11 days later, IOC fire over

IOC fire

The devastating fire at the Indian Oil Corporation (IOC) depot near Jaipur that began on October 29 was finally extinguished on Monday evening, though district officials maintained that smoke was still visible from one container. IOC officials were advised on Monday to remove any remaining flammable materials from the depot to avoid further untoward incidents.

The blaze, which began 11 days ago following a leak in the fuel pipeline and then a blast, has claimed 11 lives, including six IOC employees who were stationed in the depot, and left more than 100 injured. Following an explosion on October 29, the fire spread to all 11 containers in the IOC depot, which became uncontrollable, forcing fire fighting experts to hold back and let the fuel burn off. A day after the fire broke out, Union Petroleum Minister Murli Deora had stated that there was no other option but to let the fuel expend itself.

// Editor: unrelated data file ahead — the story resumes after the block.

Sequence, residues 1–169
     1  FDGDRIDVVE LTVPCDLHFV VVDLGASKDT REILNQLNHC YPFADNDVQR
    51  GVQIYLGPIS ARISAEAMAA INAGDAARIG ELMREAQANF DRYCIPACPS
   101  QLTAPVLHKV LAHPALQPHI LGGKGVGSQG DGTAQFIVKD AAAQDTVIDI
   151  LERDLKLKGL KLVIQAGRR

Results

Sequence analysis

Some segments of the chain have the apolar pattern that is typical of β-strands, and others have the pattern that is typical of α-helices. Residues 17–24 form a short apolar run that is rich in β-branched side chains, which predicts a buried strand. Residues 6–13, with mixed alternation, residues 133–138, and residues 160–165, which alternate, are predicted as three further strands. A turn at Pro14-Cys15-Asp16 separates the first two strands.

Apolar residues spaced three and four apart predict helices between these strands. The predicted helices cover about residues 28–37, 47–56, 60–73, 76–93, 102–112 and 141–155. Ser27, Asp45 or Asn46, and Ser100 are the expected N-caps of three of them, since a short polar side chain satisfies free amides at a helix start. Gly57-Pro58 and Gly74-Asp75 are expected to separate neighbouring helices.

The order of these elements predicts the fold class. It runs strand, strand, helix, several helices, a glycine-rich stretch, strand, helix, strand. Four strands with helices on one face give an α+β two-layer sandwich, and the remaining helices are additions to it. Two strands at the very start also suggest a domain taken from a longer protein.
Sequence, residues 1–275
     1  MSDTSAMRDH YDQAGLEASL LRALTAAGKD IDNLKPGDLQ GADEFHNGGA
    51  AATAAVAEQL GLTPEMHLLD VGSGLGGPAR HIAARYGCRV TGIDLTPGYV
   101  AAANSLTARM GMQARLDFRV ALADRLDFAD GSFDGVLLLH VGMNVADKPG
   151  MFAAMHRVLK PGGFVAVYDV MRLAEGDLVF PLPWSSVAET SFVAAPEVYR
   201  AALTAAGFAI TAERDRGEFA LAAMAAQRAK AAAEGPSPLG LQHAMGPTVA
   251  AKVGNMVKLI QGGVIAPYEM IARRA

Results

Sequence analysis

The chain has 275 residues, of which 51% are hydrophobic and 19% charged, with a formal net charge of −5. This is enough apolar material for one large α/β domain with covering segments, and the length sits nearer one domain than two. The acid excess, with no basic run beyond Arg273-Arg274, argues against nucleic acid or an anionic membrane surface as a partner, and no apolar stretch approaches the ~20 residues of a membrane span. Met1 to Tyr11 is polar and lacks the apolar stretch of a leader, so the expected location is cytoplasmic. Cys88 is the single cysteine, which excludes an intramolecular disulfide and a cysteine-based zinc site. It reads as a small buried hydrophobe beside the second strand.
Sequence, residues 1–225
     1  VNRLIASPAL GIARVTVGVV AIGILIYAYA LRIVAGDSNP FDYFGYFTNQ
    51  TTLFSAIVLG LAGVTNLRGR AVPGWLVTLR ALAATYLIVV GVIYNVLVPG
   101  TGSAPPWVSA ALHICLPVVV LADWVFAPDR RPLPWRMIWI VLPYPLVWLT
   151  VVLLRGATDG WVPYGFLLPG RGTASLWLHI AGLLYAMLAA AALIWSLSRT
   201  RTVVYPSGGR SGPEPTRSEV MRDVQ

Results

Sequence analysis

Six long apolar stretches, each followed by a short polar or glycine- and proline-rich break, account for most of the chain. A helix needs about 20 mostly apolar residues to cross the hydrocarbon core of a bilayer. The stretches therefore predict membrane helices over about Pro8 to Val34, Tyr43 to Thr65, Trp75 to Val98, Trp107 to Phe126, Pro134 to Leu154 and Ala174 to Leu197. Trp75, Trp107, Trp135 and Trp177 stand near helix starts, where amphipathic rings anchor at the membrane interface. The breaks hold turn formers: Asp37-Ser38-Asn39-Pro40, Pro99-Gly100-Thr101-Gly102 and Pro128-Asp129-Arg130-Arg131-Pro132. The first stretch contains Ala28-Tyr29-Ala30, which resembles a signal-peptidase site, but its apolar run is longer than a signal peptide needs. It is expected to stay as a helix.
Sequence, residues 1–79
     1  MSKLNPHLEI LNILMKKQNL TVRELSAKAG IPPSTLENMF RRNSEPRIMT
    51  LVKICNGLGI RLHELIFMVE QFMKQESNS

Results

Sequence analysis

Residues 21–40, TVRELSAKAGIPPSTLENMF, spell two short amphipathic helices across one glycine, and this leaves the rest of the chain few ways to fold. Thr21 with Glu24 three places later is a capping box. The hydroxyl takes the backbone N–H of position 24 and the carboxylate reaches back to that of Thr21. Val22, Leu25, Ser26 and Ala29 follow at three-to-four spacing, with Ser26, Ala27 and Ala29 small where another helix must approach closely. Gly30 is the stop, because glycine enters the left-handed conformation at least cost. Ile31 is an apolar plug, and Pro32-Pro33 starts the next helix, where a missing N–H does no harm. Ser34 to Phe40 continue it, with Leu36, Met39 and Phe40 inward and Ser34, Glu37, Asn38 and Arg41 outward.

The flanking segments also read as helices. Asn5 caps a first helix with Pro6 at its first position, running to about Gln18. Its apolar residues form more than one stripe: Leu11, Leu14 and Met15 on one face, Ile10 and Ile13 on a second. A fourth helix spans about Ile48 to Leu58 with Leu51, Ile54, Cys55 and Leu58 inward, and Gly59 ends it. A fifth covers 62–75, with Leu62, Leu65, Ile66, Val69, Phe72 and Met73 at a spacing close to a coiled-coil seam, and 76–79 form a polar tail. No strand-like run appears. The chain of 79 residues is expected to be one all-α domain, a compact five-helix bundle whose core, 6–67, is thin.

Jaipur District Collector Kuldeep Ranka on Monday stated that the fire had completely abated. "The fire was fully out on Monday evening after all the fuel in the containers had burned out. For now, only smoke from one container is still remaining, which might abate in a few hours," Ranka said. He added that IOC officials had been asked to survey the depot and remove any remaining flammable materials from the site.

The fire has had no "significant" or "visible" environmental impact in the surrounding areas nor any adverse impact on the Taj Mahal which is only a couple of hundred kilometres away, an interim pollution report into the accident concluded. After a visit to the site and assessment of the ambient air quality and pollutant levels in the atmosphere, a team from the Central Pollution Control Board, in its interim report, ruled out any immediate health hazards to the local population. "On examination (of ambient air quality data), no changes were observed at Agra (Taj Mahal) even after four days of incessant fire at Jaipur," said the report. "The observed data in Delhi does not indicate any impact of the fire on the air quality," it further said.

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